Wall Street has an old adcon that investing has nothing to do with right or wrong, it’s just about making money. That’s a very a good phrase for investing in Tesla investors. Analysts continue to analyze Tesla in terms of financial fundamentals and valuations, arguing that the market is mispricing it, but Tesla’s share price is rising and investors have been able to make money. Tesla shares surged 13 percent on Monday and 74 percent in August, their best monthly performance in more than seven years. Tesla announced this week that it would issue $5 billion in stock.
Of course, Tesla’s biggest investor should be Musk, Tesla’s biggest shareholder and soul figure, who is now the third richest man in the world.
Among the analysts who are short of Tesla is Joseph Spak of RBC Capital Markets, who said on January 23, 2019 that the analysis underestimated a key valuation point: investor demand for clean cars appeared to be unseeded. Tesla shares were trading at $57.52 at the time. The analyst has now raised Tesla’s target price from $170 to $290, but it is still 42 percent because of Tesla’s closing price on Monday.
On the fundamentals, Tesla’s investors also have their own “bottom”. Most fundamentally, Tesla has made four consecutive quarters of earnings, so Wall Street thinks it is wrong to lose three of the past four quarters. Tesla delivered far more electric cars in the second quarter than expected, despite concerns about the negative impact of the new crown virus pandemic.
But Tesla’s recent surge has nothing to do with “fundamentals.” The company’s announcement on August 11th, for example, would not change any fundamentals, but its share price had risen more than 80 per cent by Monday.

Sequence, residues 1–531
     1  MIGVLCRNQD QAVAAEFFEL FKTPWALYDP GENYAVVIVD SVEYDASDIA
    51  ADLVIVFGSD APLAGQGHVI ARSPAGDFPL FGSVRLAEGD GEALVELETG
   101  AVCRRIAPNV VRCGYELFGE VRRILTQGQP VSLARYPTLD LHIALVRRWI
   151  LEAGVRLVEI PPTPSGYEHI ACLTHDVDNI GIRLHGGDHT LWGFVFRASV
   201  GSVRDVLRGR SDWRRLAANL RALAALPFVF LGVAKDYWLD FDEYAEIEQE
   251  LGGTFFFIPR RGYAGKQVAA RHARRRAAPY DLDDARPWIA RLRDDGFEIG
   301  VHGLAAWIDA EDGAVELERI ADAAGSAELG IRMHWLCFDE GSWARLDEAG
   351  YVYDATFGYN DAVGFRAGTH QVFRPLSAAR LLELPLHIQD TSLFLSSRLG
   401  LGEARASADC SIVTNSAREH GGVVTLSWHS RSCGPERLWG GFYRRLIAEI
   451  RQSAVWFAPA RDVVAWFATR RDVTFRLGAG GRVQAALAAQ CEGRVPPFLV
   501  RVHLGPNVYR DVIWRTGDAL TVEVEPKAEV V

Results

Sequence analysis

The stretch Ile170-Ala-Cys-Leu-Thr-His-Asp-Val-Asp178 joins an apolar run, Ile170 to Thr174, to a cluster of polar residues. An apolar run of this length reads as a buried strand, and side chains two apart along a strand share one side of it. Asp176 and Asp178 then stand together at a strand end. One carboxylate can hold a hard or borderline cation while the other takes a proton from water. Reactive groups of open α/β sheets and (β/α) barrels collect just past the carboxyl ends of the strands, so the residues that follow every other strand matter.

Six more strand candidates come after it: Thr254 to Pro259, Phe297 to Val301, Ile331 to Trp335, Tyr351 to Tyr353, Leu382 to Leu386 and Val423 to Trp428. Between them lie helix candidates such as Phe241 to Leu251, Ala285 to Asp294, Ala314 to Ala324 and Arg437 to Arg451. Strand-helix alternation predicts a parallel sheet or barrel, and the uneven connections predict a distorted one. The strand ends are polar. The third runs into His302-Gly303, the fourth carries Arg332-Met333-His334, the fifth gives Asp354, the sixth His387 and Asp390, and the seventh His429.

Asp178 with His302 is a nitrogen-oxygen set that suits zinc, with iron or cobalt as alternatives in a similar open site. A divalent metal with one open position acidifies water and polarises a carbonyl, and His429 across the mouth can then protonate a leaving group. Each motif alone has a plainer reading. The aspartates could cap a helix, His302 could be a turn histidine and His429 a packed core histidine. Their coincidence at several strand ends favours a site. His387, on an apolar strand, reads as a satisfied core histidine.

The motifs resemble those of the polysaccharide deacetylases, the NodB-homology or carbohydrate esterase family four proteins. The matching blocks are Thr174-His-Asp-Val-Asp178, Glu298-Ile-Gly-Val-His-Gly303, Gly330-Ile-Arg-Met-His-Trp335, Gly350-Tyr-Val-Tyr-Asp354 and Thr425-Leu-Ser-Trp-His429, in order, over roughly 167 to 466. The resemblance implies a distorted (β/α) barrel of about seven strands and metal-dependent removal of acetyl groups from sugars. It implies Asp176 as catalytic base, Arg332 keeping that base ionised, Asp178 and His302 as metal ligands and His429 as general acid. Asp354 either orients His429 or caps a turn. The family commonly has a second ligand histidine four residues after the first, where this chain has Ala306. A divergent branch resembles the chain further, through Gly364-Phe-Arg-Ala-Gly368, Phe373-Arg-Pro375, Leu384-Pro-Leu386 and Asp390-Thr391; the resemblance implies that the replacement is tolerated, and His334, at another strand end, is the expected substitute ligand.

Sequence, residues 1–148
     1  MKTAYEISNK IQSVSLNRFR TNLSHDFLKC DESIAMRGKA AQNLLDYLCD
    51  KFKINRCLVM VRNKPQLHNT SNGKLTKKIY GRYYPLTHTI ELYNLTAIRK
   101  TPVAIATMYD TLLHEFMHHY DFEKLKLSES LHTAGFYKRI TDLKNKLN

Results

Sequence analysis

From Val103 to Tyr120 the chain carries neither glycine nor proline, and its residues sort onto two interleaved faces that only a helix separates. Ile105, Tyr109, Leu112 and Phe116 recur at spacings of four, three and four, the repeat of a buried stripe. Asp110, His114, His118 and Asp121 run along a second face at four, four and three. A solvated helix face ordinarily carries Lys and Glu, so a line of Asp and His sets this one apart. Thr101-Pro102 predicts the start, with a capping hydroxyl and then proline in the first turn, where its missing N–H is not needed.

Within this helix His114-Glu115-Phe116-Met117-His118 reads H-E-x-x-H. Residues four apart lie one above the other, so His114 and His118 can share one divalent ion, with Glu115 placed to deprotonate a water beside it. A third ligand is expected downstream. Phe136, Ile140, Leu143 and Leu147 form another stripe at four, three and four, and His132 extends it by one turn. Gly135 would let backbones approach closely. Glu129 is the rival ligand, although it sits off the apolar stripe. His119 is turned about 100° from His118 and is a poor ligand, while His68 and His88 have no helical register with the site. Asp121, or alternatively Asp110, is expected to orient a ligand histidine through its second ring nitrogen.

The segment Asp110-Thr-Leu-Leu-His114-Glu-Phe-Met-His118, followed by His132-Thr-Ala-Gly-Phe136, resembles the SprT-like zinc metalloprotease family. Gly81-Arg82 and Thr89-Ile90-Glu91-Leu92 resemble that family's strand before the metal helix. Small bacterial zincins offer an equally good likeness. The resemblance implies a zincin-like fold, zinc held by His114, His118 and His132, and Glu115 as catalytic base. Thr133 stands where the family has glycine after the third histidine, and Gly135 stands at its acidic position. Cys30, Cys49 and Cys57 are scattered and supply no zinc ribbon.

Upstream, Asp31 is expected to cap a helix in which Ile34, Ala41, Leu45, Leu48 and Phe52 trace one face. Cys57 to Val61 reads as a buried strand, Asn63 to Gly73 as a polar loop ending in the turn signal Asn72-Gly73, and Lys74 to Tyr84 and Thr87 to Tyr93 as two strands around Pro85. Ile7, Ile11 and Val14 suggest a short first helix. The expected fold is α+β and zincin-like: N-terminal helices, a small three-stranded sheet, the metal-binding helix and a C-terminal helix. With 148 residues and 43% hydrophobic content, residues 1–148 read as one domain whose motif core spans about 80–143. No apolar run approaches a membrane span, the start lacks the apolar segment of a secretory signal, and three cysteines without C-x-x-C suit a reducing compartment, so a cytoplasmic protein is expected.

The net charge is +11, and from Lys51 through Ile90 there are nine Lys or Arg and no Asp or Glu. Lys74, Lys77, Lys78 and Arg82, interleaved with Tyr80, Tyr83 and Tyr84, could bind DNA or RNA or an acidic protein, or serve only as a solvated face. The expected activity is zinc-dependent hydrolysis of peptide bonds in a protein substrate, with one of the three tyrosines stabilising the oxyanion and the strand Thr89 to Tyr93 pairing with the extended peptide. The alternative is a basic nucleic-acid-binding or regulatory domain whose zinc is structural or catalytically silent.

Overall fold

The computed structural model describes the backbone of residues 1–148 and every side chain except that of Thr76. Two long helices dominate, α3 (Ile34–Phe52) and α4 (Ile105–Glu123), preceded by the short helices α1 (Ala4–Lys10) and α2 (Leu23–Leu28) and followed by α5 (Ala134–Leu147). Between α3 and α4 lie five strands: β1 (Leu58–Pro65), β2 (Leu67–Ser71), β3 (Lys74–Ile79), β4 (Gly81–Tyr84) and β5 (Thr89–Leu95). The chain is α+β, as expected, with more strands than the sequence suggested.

According to a survey of 36 analysts, 81 percent of analysts do not recommend buying Tesla stock, and only 19 percent rate Tesla as a buy investment. And of the 36 analysts surveyed, only Jefferies’ Philippe Houchois gave a target price of $500, above Tesla’s closing price on Monday but below Tuesday’s closing price.
Half of the analysts surveyed gave a neutral rating, with 11 (31 per cent) giving a sell rating, and the average target price for all analysts was $261.85, 47 per cent because of Monday’s close.
Wind Financial Terminals also showed that analysts had a “mixed” rating on Tesla’s investment ratings, with a comparable sell-down and buy rating.
Such comparisons also occurred in the first few months of this year, when a similar number of analysts were shorting Tesla after the global pandemic in March, when analysts gave an average target price of $101.86, 2.8 percent because of Tesla’s closing price on March 31. Since then, Tesla’s share price has soared, reaching $464.3 billion on Monday, the seventh-highest U.S. company by market capitalisation.
Joseph Spak explains that Tesla’s surge has forced many portfolio managers to increase their positions “just to keep up”. He also believes investors are willing to show more patience and look further to the future to assess the company. “We continue to believe that Tesla is overvalued,” the analyst said in a letter to customers.